By Ben French
Six bicycles were stolen on campus during October, an unusually
high number in comparison to the one to two bicycle theft average
Robert Smith, a second-year mechanical engineering student and
president of the Cal Poly Pomona Cycling Club, has been a victim of
bike theft over the years.
“Locks at this point only keep honest people honest,” said
Smith. “I’ve had three bikes stolen in my lifetime and two of them
were actually using U-bar locks. It’s not much of a worry [in
Pomona] but somebody would just plasma-lance through the lock and
your bike would be gone.”
Smith is not overwhelmed by the recent thefts but is cautious
and warns students to be sure their property is safe.
“It’s not really how much your bike is worth,” said Smith. “If
you leave your bike unlocked there’s a high chance that, if you
live in a populated area, your bike can get stolen. My biggest
suggestion would be to use a big lock.”
Smith said the larger a lock appears, the less likely someone is
to try and steal a bike due to the hassle it would create
Enrico Cortez, a university police officer, said the
perpetrators of bike thefts on campus are less likely to be
students and more likely to come from off campus.
“The highest influx of thefts in the month of October was
generally at the University Village,” said Cortez. “The location of
the University Village being on the outskirts of the campus, close
to Valley Boulevard close to Temple, with open gates easy to walk
out with a bicycle, makes it somewhat susceptible [to theft].”
Cortez, in contrast to the experience Smith has had on campus,
noted one of the incidents of theft at the Village.
“I did the investigation on one of the bike thefts and what
happened was, the bike, to me was $500 to $600. That’s a lot of
money,” said Cortez. “He damaged the lock using some type of
incendiary device. It was a combination lock, and he somehow burned
through the lock, weakened it and broke it.”
Cortez notes the lock was not high-quality, and had it been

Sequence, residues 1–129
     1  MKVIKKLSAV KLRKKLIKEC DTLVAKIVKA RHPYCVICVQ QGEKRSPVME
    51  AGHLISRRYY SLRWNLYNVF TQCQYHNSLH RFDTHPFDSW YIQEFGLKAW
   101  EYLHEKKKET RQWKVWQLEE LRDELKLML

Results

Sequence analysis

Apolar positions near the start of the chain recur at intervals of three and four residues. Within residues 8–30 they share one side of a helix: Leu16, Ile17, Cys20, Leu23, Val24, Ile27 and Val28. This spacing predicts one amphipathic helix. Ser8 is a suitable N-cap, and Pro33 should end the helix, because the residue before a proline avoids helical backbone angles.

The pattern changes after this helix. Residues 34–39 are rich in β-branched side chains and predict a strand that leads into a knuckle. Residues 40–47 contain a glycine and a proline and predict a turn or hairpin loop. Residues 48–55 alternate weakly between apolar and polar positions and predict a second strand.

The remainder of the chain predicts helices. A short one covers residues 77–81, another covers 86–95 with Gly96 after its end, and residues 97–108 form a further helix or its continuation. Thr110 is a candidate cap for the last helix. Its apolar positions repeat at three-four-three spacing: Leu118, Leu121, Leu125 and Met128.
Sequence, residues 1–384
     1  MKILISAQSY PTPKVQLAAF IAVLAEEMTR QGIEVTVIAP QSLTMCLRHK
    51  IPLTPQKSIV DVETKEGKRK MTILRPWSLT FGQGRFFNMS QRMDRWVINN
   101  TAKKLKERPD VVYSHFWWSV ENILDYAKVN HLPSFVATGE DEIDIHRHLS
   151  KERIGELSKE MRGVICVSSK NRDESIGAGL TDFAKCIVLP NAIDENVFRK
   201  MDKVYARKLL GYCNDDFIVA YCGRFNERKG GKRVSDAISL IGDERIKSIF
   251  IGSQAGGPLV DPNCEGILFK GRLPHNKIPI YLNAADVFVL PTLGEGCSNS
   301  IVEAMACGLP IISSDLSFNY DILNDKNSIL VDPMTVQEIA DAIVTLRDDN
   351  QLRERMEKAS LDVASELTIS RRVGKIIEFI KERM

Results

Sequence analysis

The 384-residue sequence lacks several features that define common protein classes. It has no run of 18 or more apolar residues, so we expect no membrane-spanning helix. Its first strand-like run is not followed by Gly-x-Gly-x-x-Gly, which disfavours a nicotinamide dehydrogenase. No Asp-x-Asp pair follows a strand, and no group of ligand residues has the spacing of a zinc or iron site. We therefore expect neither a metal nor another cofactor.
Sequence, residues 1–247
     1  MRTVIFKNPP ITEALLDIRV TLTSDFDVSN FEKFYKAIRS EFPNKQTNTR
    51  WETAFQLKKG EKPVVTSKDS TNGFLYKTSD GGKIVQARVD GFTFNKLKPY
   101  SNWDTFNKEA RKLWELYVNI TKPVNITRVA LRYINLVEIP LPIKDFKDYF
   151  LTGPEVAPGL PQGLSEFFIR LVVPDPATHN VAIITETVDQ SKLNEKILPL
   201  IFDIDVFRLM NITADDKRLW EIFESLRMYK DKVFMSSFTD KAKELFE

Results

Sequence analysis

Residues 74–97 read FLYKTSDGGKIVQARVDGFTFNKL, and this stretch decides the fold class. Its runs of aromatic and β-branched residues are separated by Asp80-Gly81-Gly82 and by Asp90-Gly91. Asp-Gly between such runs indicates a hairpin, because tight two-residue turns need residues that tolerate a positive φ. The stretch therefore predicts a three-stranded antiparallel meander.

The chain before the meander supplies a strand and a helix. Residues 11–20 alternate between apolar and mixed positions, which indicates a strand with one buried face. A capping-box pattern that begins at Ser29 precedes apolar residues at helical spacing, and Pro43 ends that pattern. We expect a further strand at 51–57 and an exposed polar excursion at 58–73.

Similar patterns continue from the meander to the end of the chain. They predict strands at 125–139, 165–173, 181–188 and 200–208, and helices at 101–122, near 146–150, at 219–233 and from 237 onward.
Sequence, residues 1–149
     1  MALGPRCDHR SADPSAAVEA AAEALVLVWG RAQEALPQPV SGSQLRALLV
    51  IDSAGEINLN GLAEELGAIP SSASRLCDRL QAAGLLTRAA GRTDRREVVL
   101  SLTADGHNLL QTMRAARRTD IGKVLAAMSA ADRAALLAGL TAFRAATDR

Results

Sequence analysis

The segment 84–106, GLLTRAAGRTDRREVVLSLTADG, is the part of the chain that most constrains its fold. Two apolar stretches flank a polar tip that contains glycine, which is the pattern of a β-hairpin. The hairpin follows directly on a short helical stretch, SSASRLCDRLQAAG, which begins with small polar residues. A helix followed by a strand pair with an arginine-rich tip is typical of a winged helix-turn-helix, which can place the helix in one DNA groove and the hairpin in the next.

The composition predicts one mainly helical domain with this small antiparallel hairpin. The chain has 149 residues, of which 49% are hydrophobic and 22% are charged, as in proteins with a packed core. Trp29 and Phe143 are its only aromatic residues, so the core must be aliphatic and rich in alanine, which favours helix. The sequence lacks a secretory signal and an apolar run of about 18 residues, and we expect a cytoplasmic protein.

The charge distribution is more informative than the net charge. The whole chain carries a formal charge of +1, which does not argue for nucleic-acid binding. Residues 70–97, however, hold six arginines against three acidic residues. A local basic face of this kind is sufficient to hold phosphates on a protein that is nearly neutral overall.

more durable, breaking it would have taken more time.
“Even if that lock was burned or heated in a certain way it
shouldn’t have fallen apart that way, which indicates to me that
the lock was not great,” said Cortez. “It was meant for slowing
them down; obviously not enough. If you’re going to have a high-end
bike you might want to get a better lock.”
Cortez also advocates the use of the bike registration system,
which helps keep track of who has a stolen bike on campus.
“For registration, what we do is in-house information; we create
our own database,” said Cortez. “If you’re a student, staff,
faculty or even close to the university in some way we can put it
in our system that this is your bike, this is your model, this is
the type and this is the serial number.”
Cortez said the registration of bikes is necessary in their
retrieval after theft.
“In the past we’ve had a hard time tracking bikes that are
stolen, because nobody takes their serial number off their
bicycle,” said Cortez. “Without the serial number, we can’t put it
into the stolen property system with California law enforcement
electronic telecommunications system.”
For those students who don’t have a bike lock, or seem to have
simply forgotten their’s, Smith recommends taking their bike into
“Teachers are pretty lenient, except for labs where it’s too
crowded, so in big lecture halls I just bring it in,” said Smith.
“I can’t get my bike stolen; I don’t have the money to replace it.
My eyes are a better U-bar lock than money can buy.”
Photo Illustration by Pedro Corona / The Poly Post
Bike thefts increasing on campus
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